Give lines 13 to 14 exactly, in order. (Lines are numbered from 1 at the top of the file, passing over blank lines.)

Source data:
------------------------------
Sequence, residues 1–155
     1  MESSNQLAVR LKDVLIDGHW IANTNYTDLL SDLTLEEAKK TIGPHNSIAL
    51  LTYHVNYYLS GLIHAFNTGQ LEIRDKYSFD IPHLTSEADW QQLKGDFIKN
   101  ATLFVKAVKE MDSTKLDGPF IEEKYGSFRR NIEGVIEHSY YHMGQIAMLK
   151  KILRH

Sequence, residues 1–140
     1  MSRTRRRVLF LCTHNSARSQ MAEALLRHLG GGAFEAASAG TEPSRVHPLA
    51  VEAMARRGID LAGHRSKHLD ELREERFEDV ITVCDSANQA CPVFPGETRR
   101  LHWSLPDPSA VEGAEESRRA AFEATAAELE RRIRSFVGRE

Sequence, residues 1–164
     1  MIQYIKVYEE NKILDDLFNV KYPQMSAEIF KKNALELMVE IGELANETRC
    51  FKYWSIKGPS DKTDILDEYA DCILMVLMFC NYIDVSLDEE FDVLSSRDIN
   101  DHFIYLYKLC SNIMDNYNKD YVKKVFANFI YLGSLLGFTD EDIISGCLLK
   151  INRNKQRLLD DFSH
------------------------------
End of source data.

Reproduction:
   101  DHFIYLYKLC SNIMDNYNKD YVKKVFANFI YLGSLLGFTD EDIISGCLLK
   151  INRNKQRLLD DFSH